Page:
an identified and medically approved donor will be allocated to the RICT group,
whereas patients without such a donor will be allocated to the Control group. This
approach has consequences also for treatment assignment of patients whose donor
search will be called off for reasons other than just failure to find a donor (see below).
2. If a MSD search is called off due to patient´s refusal, relapse, death or medical infirmity
before the identification of a HLA identical, medically approved sibling donor, the
patient is allocated to the Control group, whereas patients with an identified and
medically approved MSD will be assigned to the RICT group, also if the transplant was
not undertaken.
3. If a MUD search is called off due to patient´s refusal, relapse, death or medical
infirmity before the identification of a medically approved MUD, that patient will
assigned to the Control group, whereas patients with an identified medically approved
MUD will be allocated to the RICT group, also if the transplant was not undertaken.
To be able to accomplish the treatment assignment, i.e. strictly allocate patients to study groups and
perform statistical analyses, the following dates will be retrieved in the CRF.
Methods used to generate the sequence in which subjects will be randomised (sequence generation)
This is a multi-center phase III prospective study applying HLA-based allocation of patients to RICT,
or to standard of care. The study will be performed according to GCP guidelines. Study population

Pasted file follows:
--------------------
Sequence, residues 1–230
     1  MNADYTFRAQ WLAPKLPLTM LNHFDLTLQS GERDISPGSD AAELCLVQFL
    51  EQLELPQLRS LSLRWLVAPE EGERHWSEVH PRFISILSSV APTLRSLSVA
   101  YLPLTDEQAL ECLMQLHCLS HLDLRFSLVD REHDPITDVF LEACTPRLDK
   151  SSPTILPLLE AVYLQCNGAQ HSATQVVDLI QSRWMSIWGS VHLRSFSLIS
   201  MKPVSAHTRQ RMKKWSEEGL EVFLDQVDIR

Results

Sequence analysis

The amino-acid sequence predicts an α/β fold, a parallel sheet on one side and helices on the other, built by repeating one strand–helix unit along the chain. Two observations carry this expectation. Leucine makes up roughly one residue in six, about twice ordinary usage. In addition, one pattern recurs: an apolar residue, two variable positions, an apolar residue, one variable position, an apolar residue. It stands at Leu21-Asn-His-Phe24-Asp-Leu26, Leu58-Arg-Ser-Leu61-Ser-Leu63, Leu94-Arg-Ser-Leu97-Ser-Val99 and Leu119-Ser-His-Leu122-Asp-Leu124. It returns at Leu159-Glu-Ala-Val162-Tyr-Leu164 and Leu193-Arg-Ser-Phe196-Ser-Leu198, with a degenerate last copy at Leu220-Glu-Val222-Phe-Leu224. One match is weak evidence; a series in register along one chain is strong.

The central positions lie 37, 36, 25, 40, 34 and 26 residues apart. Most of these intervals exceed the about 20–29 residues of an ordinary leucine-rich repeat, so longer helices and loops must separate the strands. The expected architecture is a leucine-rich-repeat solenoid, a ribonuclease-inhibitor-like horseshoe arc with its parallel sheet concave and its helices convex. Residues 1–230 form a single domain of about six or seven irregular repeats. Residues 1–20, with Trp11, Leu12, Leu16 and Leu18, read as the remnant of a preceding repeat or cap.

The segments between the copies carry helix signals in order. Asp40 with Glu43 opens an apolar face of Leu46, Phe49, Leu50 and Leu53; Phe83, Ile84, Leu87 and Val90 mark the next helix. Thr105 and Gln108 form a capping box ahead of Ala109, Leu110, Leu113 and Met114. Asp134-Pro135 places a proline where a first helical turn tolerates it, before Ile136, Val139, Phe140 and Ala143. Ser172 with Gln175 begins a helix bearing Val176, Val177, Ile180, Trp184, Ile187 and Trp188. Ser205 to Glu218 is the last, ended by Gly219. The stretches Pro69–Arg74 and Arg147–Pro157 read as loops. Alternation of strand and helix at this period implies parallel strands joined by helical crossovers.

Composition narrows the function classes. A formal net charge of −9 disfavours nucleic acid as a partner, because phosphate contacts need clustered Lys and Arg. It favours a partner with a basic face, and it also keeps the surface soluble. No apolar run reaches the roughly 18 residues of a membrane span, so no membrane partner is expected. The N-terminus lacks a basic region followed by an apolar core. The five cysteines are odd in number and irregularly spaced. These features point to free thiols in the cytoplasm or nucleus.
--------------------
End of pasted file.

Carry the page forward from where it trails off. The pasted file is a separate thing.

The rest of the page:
encompasses AML patients, 51-70 years, in CR1 with an indication for allo-SCT but for whom a full
myeloablative conditioning is not advisable due to age and/or medical impairment.
To prevent patient selection bias, HLA typing of siblings or initiating MUD search should not
be performed prior to patient registration and signed informed consent. The statistical analyses rely
on comparisons between patients with identified donors (MSDs or MUDs), and patients for whom the
donor search was not successful. There will be three defined groups of AML CR1 patients, each contributing to final analyses.
1. One group comprises patients with at least one potential sibling donor, for whom there
is no indication for MUD search in case the sibling(s) are not HLA identical - or
otherwise not eligible for HSC donation.
2. One group comprises patients with at least one potential sibling donor, and for whom
there is an indication and intention to proceed for a MUD search in case the sibling(s)
are not HLA-identical or otherwise not eligible.
3. One group comprises patients without potential sibling donor, but for whom there is an
indication to go for a MUD search.
Masking / blinding
Open (masking not used)
Who is / are masked / blinded?



Intervention assignment
Parallel
Other design features
Phase
Phase 3
Type of endpoint(s)
Efficacy
Statistical methods / analysis
The primary analyses will be performed on the intent-to-treat (ITT) populations with treatment
allocation. The stochastic component of
the potential MSD RICT/Control assignment procedure comes from the chance that a sibling is HLAidentical.
The corresponding stochastic component of the MUD RICT/Control assignment procedure
emanates from the chance of finding a MUD within a reasonable time (as judged by the investigator).
To avoid bias, it is essential that any donor search has not been initiated at the time of registration.

Statistical Analyses
The primary objective is to compare overall survival from the inclusion point between MSD/RICT and
Control treatment for patients with a potential MSD. In the latter stratum “Late failures” before MUD
search starts will be included in the control group. According to the argument in the
next paragraph patients who turn non-eligible for transplantation during the MUD search are allocated
to MUD/Control. Patients lost to follow-up or patients refusing further participation in the
study, will be censored the date they were last known to be alive. Log-rank tests and Cox regression